D. Delaware Law Does Not Recognize A Cause Of Action For So-Called “Deepening Insolvency”
In Count II of the complaint, the Litigation Trust seeks to state a claim against the
former Trenwick America directors for “deepening insolvency.” The Count consists of
the following cursory allegations:
From 2000 until 2003, these [Trenwick America] Defendants fraudulently concealed the true nature and extent of [Trenwick America’s] financial problems by expanding the amount of debt undertaken by [Trenwick America]. 99
The [Trenwick America] Defendants knew that [Trenwick America] would not be able to repay this increased debt, but fraudulently represented to creditors and other outsiders that the debt would be repaid. 100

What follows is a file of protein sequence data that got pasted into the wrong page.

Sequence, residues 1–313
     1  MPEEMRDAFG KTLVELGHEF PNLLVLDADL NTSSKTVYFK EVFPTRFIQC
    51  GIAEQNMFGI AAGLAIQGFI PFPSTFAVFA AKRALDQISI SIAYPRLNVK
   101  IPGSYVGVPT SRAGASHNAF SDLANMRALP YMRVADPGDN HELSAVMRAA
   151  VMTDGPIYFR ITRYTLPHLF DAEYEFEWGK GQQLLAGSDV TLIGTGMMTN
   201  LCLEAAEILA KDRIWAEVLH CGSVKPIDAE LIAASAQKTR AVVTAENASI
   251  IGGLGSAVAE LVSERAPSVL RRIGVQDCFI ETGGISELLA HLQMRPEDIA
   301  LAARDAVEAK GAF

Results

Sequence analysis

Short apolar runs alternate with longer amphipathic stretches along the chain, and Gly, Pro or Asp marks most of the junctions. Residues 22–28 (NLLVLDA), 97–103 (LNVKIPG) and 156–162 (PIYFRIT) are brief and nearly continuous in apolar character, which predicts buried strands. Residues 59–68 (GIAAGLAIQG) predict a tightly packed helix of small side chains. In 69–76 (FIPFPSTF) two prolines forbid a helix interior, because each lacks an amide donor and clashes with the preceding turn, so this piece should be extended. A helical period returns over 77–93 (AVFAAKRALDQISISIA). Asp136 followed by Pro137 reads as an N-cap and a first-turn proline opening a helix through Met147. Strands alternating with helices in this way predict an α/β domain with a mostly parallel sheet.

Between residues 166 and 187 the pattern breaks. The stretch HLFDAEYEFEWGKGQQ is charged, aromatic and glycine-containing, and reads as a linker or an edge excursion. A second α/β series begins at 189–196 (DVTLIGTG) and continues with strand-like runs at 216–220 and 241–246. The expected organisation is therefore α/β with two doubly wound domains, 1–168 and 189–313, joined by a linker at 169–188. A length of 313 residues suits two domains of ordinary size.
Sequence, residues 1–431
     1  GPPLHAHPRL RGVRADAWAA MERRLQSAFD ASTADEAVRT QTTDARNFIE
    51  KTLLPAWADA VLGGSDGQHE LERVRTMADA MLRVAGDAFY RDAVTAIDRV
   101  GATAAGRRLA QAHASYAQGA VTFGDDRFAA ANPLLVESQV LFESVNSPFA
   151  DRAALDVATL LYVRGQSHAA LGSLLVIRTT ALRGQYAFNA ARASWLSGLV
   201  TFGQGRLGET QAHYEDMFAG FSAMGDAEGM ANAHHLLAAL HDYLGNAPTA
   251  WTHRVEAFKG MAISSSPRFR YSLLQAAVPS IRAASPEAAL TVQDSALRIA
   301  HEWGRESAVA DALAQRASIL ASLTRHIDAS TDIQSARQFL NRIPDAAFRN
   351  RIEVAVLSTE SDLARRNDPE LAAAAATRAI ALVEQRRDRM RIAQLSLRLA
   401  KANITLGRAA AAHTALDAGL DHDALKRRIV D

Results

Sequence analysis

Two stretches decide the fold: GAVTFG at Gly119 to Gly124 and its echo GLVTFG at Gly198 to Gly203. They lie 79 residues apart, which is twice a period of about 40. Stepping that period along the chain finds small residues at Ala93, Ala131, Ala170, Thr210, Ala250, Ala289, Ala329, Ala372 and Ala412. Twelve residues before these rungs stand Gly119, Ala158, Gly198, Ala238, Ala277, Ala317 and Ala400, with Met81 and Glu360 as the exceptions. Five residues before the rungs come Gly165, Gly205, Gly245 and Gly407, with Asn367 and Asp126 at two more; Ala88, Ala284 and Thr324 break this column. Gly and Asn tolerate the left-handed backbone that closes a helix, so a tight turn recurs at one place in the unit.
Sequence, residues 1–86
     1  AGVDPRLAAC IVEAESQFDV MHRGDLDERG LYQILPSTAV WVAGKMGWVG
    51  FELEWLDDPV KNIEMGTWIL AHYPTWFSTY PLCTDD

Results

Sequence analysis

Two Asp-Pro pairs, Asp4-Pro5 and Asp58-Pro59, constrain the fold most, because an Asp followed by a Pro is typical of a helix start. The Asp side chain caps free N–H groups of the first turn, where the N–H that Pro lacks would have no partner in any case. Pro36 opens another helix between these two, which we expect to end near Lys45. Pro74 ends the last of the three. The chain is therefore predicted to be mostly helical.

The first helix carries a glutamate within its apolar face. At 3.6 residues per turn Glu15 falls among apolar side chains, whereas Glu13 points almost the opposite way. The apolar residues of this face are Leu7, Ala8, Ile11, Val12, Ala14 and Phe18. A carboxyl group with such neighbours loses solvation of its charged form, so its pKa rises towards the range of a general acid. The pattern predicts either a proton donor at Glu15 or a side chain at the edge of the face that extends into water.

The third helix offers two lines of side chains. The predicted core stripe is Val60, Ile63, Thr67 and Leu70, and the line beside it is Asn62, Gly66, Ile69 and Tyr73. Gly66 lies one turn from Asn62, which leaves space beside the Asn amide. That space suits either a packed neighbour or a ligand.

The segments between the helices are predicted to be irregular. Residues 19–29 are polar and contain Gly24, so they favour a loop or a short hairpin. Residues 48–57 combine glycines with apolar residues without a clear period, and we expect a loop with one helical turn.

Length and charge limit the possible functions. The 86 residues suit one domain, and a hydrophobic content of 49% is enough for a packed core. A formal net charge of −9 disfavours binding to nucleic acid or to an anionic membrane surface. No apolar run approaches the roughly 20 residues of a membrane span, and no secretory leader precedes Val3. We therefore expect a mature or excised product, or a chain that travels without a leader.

By these actions, [Trenwick America’s] officers and directors prolonged the corporate life of [Trenwick America] and increased its insolvency, until [Trenwick America] was forced to file for bankruptcy on August 20, 2003. 101
As a result of [those] actions, [Trenwick America] suffered damages to be proven at trail, which [the Litigation Trust] is entitled to recover. 102
The concept of deepening insolvency has been discussed at length in federal
jurisprudence, perhaps because the term has the kind of stentorious academic ring that
tends to dull the mind to the concept’s ultimate emptiness.
Delaware law imposes no absolute obligation on the board of a company that is
unable to pay its bills to cease operations and to liquidate. Even when the company is
insolvent, the board may pursue, in good faith, strategies to maximize the value of the
Compl. ¶ 104.